Erlich didn't understand much Greek but he got her drift.

Eventually the policeman was prepared to lose face. He stepped aside and the auburn-haired girl strode forward into the empty road carrying the roses loosely in her arm. Erlich shouldered his way through the crowd and went after her.

The policeman shuffled into his path.

Erlich said quietly, ' F. B. I., excuse me, please.'

He kept on walking. He doubted that the policeman had understood a word he had said. Perhaps the policeman had looked into Erlich's face and calculated that if he had not stood aside then he might just have ended up on his back. He stepped back and saluted. Erlich smiled and walked past the policeman, a dozen strides, into the centre of the road.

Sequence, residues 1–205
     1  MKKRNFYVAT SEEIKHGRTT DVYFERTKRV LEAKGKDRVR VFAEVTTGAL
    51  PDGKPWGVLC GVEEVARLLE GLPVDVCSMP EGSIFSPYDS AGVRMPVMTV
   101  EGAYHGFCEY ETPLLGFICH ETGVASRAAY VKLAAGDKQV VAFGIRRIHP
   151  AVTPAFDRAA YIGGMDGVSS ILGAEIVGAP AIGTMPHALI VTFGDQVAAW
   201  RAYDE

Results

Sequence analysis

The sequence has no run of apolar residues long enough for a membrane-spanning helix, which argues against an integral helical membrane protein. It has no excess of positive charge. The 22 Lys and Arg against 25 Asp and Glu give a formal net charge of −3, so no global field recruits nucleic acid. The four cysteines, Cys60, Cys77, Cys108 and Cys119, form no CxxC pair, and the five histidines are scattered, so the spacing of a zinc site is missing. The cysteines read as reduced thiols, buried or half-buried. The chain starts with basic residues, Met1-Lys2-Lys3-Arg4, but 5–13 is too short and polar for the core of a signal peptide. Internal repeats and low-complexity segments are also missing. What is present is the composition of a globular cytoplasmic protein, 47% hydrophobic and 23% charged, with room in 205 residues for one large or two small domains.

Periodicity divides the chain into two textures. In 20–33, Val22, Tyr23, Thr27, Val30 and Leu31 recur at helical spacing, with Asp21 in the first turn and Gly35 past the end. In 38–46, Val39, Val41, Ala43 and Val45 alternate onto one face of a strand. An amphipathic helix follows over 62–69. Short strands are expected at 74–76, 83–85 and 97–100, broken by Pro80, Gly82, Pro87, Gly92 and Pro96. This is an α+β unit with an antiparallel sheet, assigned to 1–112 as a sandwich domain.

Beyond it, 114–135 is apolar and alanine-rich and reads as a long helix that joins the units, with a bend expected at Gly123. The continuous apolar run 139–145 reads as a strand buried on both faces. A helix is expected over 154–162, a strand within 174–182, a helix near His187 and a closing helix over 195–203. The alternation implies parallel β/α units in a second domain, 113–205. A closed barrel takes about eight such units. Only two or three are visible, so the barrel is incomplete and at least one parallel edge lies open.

He had known Harry Lawrence since the fall of '88. There were not many in the Agency that he would call a true friend. He had thought of Harry all the way out of Rome to Leonardo da Vinci, all the time that he had stood in the check-in line, all the time he had sat on the Alitalia, all the time he had stood at Customs and Immigration at Athens International, all the time in the taxi out to the Kifisia suburb. If the policeman had stopped him getting close to where Harry had been shot to death then Erlich might just have punched him. He stood still, absorbing every detail of the street. Best done at the very start of an investigation.

' Y o u poor old son of a bitch, Harry.'

A hundred yards down on the other side of the road a knot of men were gathered. The girl with the flowers stopped, looked across at the men, then turned into a front drive and was gone from sight.

It would have been a pretty road in spring, with the blossom on the trees that lined it. The leaves were down now. He knew very little of what had happened, had been out of touch since the first report had reached the Embassy in Rome and he had started running. They always sent a Fed when an American citizen was killed, and the Rome office covered Athens.